#WWWOPK E2- 13 & Addicted to Porn

I am a 13-year-old boy and I am afraid that I am addicted to porn. I want to stop but I don’t know what to do. I wish I could tell my parents but I feel they would use it against me.

Word "porn" on a fishing hook

For a child at this age to identify that he/she has a problem and consider talking to his/her parents about it is very brave and highly commendable. Let’s be honest, the risk of being stigmatized or the thought of being a disappointment to one’s parents can be really scary.

It can also be heartbreaking for a parent to discover that their child is engaging in inappropriate behavior. Sometimes to cope with this heartbreak, some parents resort to anger, emotional blackmail or denial. Unfortunately, none of this helps the situation at hand and reacting wrongly can block any opportunity parents may have to help the child.

In this episode of “What We Wish Our Parents Knew” we share tips that parents or parent-figures can use in the event that they are approached by a child who is struggling with porn and needs help.

  1. Appreciate him/her for trusting you enough to talk to you about it. Let the child know you’re on their team and ready to help them. Don’t break the confidence they have in you by telling other people except where it is absolutely necessary e.g the child’s other parent, a therapist or any other person you feel can actually help the child.
  2. Be empathetic – with porn and other inappropriate material so easily accessible and a lot of times popping up unsolicited, it requires a great deal of self-control and other skills for young people not to feed their curious minds.
  3. Do not shame – This child is most likely already feeling ashamed. Heaping further shame does not help in any way and shaming has never been an effective parenting technique. Condemn the act, not the person.
  4. Stay focused on finding a solution – Blaming, shaming, name-calling, and emotional blackmail or denial will not proffer any meaningful solution. Remember what you’re trying to do is help this child break this habit. So please keep calm.
  5. Talk & Ask Questions – You want to find out how long this has been going on and what the triggers are. This way you’re able to assess the situation and determine what kind of intervention would be needed to help the child break the habit.
  6. Tough Love – Inform the child of certain “tough-love” measures that would be taken such as limited access to the internet and social media; taking their smartphone away; not allowing them to use their laptops or access the internet in private spaces etc. Please follow through with these measures as it is in the best interest of the child. Let the child know that you would hold him/her accountable and would be monitoring them either by using internet filters or making surprise checks until such a time that they are totally rid of the habit.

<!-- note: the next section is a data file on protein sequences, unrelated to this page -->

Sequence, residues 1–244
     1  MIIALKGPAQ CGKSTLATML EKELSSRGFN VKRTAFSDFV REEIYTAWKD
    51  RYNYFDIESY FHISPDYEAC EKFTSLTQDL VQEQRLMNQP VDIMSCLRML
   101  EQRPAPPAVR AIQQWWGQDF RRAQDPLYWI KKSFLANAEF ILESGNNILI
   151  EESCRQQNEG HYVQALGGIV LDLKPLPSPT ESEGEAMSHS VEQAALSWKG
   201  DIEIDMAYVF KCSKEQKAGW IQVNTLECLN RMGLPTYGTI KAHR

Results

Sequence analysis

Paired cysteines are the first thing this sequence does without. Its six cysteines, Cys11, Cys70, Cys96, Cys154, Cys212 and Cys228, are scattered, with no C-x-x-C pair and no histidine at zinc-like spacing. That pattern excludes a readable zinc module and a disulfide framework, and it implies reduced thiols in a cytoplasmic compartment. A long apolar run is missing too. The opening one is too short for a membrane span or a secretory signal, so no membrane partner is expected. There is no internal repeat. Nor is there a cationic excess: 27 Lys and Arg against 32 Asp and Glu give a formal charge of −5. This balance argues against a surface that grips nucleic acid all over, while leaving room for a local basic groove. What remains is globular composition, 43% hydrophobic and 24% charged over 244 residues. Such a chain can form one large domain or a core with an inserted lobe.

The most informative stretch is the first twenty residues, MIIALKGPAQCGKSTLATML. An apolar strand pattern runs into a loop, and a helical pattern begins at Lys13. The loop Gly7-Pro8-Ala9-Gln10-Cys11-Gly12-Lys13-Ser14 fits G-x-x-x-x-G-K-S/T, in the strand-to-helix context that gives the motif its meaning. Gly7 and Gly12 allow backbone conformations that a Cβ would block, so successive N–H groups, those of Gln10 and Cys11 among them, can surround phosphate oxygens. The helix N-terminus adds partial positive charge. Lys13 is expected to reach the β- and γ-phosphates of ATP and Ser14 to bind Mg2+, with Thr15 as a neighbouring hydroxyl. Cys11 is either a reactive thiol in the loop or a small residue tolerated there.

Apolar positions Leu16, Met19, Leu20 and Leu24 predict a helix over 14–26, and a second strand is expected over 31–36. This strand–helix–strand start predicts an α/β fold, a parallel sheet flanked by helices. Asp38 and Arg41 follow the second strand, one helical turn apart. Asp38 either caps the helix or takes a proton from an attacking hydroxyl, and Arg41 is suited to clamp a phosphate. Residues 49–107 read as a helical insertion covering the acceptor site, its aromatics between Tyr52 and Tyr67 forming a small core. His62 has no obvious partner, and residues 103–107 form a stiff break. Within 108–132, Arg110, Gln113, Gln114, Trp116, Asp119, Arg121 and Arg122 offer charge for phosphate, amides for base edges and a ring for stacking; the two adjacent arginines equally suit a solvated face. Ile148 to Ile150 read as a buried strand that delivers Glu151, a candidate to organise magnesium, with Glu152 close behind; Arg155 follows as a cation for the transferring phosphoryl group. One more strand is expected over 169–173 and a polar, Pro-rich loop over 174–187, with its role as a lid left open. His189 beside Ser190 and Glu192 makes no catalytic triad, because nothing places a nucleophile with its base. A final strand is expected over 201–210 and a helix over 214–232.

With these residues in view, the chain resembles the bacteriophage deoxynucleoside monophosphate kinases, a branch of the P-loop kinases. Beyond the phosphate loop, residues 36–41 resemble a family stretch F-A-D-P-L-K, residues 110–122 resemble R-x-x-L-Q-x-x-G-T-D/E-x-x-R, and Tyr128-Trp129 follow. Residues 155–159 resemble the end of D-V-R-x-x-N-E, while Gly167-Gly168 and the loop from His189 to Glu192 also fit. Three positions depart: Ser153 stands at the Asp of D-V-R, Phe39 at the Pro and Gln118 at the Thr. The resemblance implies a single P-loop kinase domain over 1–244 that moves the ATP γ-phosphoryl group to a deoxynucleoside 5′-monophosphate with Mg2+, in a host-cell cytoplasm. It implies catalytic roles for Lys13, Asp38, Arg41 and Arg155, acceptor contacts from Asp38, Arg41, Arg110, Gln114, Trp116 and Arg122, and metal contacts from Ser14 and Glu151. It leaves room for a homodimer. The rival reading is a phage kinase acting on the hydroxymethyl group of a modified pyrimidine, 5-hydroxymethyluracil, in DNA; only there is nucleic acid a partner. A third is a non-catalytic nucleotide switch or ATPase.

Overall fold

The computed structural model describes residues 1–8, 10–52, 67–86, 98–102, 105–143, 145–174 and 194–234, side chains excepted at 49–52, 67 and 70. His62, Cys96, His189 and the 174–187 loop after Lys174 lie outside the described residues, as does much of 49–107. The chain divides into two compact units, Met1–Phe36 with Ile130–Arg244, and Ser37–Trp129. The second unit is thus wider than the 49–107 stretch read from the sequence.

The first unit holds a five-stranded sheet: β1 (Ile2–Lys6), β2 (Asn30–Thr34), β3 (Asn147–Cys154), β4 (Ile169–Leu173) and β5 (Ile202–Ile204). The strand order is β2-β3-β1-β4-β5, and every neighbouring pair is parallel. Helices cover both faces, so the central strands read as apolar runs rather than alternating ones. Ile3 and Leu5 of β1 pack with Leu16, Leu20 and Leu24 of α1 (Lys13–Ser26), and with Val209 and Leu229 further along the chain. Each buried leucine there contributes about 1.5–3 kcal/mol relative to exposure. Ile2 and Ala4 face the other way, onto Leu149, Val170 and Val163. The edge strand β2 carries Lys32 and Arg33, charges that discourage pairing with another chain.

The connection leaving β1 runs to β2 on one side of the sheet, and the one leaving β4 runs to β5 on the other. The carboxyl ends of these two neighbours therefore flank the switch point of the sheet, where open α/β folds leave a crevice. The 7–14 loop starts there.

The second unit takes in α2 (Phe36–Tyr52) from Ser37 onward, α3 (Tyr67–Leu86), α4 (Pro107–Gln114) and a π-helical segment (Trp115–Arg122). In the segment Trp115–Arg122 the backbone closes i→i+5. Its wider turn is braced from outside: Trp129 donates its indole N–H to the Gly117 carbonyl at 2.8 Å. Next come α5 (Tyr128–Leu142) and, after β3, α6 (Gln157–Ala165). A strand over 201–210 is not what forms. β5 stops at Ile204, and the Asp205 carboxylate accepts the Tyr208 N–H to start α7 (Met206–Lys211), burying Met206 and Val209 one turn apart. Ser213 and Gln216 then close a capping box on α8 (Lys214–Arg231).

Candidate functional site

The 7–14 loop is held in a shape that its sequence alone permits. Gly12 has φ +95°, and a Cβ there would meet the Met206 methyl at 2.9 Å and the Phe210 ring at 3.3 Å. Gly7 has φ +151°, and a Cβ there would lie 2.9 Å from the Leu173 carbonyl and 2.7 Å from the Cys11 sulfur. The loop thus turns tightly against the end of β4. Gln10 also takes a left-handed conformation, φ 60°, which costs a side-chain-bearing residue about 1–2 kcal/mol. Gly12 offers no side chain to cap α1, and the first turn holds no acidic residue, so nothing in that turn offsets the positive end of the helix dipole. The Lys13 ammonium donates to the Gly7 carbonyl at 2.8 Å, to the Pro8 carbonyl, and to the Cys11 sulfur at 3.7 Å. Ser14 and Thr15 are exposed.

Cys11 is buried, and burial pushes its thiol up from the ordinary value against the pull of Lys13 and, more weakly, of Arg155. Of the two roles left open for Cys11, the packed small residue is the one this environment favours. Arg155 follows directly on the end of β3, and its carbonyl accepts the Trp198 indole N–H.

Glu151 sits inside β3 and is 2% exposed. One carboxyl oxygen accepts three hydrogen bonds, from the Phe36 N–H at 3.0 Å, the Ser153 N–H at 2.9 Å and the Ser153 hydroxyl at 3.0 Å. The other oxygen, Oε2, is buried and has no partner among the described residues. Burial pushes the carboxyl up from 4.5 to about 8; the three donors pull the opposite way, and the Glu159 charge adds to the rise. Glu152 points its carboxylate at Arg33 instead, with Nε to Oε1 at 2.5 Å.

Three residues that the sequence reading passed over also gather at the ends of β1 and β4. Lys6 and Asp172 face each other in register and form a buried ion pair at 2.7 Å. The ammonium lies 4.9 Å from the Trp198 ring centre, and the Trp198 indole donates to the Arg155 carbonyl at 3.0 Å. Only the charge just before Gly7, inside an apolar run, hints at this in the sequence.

7. Pray for the child to develop the needed resilience to break the habit.

It’s important to mention that where a parent is the one who finds out that their child is consuming porn, the approach is slightly different:

  • Confront the child with facts BUT still avoid shaming.
  • Let the child know that this adverse effects of this habit on their emotions, relationships etc.
  • Try and get the child to understand that you want to help him/her and would be taking certain measures and doing whatever you consider necessary to help them break the habit.
  • Apply some of the “tough love” measures we talked about earlier.

Dealing with porn consumption/addiction as with breaking any other habit, may be slower than you want with probable episodes of relapse. So please be patient and stay focused on the end goal which is to help the child break this habit.


This blog is powered by RAVE Et Al (RAVE) a social enterprise that is championing the building of a society where success is driven by values.

As the pioneer DQ Ambassador in Nigeria (first in Africa) and a member of the DQ Coalition, RAVE Et Al is also championing the #DQEveryChild initiative in Nigeria. Our mission is to enhance our children’s Digital Intelligence Quotient (DQ) and set a global standard of digital citizenship for all children around the world.

#WWWOPK 2

Advertisements

Please Leave a Reply

Fill in your details below or click an icon to log in:

WordPress.com Logo

You are commenting using your WordPress.com account. Log Out /  Change )

Google+ photo

You are commenting using your Google+ account. Log Out /  Change )

Twitter picture

You are commenting using your Twitter account. Log Out /  Change )

Facebook photo

You are commenting using your Facebook account. Log Out /  Change )

Connecting to %s